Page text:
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Hoping our children can have a racism-free future

Thursday May 3, 2012

You know that the Anishinaabe population was once a victim of attempted-assimilation here in Canada, right? I won’t blame you if you didn’t know that. I didn’t know it for a very long time myself.

The history of Anishinaabe peoples of Canada was generally left out of the lessons I learned in school when I was a young student. I had a vague and negative idea of what residential schools were thanks to the movie Where the Spirit Lives, but I was never taught or even told about the truly dark times that Anishinaabe people had lived through. The dark times were swept under the rug and repressed.

During my short time as a student of Dennis Franklin Cromarty High School (a private, all-native high school in Thunder Bay, ON), I was introduced to a different kind of education; I was educated on myself as an Ojicree woman.

I was educated on who I was, where I came from, what my family and their friends went through, what was lost, what was stolen, who was stolen, and why I grew up an empty shell of a person because I really had no cultural identity other than “hi, my name is Stephanie and Nirvana rocks!”

For all I knew, I was my Chuck Taylor sneakers.

But I was so much more than that, as all Anishinaabe people are.

We have a rich culture, we are very spiritual, we have a few languages still alive today (and they are written down now so they cannot be wiped out like so many other Anishinaabe languages have been). Woodland art is often used as a symbol of what Canada encompasses to the outside world (even if sometimes only for public relations purposes), and we Anishinaabe people are big in Russia – thanks Buffy Sainte-Marie.

But why are we still treated like second-class citizens in our home land?

Why after years of anti-racism speeches and workshops in grade school on up to university, years of recently re-educating students on who Anishinaabe people are and what has happened regarding things like residential school and segregation, are bigotries still alive and well?
Has no one learned anything? Or is all that time spent in sensitivity-training lost the moment a person sees someone of a different race drunk in public? It seems attitudes about Anishinaabe people don’t ever change; the racist undertones still exist.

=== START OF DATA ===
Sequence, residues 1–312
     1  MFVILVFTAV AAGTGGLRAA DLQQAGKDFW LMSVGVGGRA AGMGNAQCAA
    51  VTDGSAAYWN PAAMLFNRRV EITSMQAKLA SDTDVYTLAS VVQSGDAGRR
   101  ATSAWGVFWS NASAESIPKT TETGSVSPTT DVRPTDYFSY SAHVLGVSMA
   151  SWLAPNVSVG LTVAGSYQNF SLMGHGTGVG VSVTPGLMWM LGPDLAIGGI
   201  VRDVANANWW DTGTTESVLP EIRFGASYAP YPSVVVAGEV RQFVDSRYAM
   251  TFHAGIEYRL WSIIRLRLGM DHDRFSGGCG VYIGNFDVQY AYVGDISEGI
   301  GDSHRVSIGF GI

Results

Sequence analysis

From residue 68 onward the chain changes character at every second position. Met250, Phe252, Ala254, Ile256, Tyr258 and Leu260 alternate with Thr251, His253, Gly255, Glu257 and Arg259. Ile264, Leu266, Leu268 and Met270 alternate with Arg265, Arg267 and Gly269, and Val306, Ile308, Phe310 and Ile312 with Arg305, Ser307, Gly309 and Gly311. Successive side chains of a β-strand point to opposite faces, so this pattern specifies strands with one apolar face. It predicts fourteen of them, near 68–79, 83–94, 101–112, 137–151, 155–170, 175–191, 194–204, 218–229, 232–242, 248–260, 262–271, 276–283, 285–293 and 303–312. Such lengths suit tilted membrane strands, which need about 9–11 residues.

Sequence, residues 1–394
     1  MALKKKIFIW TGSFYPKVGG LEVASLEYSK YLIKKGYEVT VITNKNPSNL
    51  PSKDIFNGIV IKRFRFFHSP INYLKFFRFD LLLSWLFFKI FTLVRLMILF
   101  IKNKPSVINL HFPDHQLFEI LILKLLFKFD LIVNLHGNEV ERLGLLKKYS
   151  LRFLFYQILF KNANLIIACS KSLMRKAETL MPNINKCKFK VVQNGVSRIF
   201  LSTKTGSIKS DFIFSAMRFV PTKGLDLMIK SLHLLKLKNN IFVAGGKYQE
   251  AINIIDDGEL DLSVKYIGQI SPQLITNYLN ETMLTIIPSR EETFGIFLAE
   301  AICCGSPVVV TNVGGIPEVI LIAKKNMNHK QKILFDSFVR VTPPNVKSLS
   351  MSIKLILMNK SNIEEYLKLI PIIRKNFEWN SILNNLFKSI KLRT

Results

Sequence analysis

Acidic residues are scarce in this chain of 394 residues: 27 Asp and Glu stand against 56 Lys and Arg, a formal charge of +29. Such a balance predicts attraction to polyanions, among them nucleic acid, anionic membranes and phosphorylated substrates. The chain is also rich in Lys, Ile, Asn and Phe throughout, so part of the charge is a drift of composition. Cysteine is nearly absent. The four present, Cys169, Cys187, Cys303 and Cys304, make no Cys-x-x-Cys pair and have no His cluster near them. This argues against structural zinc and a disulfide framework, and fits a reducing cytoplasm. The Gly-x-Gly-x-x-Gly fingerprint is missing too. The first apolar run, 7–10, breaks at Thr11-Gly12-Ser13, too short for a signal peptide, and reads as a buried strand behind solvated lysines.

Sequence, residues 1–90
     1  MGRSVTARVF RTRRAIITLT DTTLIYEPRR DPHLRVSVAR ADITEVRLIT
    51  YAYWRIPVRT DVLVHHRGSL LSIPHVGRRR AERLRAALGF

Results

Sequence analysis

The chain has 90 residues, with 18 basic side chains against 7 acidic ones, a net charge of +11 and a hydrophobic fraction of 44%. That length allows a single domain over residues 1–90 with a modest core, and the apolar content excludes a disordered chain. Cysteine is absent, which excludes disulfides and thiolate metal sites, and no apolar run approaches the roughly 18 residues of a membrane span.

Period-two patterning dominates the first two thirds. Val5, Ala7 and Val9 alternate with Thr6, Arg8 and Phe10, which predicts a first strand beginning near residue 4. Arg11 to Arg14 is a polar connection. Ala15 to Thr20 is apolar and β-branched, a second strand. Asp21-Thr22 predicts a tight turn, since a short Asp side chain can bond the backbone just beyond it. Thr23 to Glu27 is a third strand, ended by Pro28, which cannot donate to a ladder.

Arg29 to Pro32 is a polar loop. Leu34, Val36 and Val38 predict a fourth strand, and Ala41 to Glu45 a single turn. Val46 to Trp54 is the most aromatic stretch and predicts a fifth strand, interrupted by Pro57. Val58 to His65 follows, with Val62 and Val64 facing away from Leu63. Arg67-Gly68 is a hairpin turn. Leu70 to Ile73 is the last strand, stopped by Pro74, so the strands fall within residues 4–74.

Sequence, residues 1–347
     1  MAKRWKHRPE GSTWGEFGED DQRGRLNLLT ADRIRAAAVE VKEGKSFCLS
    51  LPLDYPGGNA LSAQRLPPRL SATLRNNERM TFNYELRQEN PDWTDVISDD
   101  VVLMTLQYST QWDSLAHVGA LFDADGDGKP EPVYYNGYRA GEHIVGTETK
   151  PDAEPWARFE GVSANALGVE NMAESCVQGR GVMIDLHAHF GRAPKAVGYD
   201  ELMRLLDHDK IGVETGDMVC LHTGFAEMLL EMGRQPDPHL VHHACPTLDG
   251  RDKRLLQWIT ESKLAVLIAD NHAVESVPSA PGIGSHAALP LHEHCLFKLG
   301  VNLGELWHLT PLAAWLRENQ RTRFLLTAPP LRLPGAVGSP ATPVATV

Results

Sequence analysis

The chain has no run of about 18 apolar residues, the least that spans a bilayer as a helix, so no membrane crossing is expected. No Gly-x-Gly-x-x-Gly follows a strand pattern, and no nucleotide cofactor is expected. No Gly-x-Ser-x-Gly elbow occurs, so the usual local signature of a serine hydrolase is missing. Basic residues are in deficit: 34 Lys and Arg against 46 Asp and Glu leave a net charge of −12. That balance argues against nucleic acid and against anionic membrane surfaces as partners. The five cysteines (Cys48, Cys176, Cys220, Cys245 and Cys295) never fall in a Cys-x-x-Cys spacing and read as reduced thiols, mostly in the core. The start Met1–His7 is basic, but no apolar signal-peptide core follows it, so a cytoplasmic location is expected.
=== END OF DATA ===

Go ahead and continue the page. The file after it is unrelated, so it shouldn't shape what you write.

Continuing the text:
I recall a time that a woman wrote a very short letter to the editor of her local newspaper in which she spoke of how three male First Nations youth were on her doorstep Halloween night. They told her they were dressed as convenience store robbers. She referred to it as
“very disturbing.” That was the end of the letter.

So when a First Nations Elder wrote a response to the letter (where she said that the letter was inflammatory), the writer of the letter claimed she was simply spreading awareness of crime and it wasn’t intended to be racist. It was like she was backtracking and made it seem as if the Elder was playing the “racism card.”

This is something people will do to defend their prejudicial actions instead of just owning up to them; instead of admitting they have problems with a specific entity, they will accuse the members of the entity of “playing a card” when they are questioned about their obvious discriminatory and insensitive actions.

I question where the “racism card” will be ten years from now when my own child is growing up. Will he have to endure the same prejudices that my grandmother, my mother, and myself had to?

Will we Anishinaabe people have to keep holding onto that tiresome old card because prejudice won’t ever stop? Believe me; I am sick to death of that card.

After reading depressing, derogatory comments through social-media online each day regarding Anishinaabe people, I am starting to believe that we will have to keep fighting these stereotypes.

I think that if Canada did succeed in assimilating Anishinaabe people all those years ago, that we would still be treated as second- class citizens today. No matter how many of us are working, going to school, obeying the law, living in town, and paying various taxes – we are still lumped into the same silly stereotypes.

I believe that we would all be white-washed and hollow inside had the cultural-genocide gone through.

But thank the good creator above, the assimilation failed.

Today we are not white-washed; we are a lovely tan colour (a colour that some people pay a lot of money to achieve through tanning beds).

We are not hollow inside; we have our hearts, children, souls and cultural-identity to keep us full.

And we are still here. Our population is booming. No matter how many insensitive letters are written, or how many nasty comments are spewed from the mouths of ignorant people, we should continue to push forward. We will shatter those stereotypes and keep on proving them wrong.
Our Anishinaabe ancestors suffered through so much for us, and we owe it to them and to our children to flourish regardless of what anyone says, thinks, or writes.


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